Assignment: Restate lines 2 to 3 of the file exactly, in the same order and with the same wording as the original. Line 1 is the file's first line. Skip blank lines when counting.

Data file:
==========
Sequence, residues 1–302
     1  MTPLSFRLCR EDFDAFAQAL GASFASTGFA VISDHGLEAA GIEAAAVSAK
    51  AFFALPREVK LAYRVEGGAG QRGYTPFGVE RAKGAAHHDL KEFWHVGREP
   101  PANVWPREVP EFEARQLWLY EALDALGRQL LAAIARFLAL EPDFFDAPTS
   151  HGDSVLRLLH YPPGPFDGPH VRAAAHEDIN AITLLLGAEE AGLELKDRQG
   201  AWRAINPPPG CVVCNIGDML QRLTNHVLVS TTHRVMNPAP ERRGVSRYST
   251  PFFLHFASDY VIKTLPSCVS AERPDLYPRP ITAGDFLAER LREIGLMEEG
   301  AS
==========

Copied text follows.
     1  MTPLSFRLCR EDFDAFAQAL GASFASTGFA VISDHGLEAA GIEAAAVSAK
    51  AFFALPREVK LAYRVEGGAG QRGYTPFGVE RAKGAAHHDL KEFWHVGREP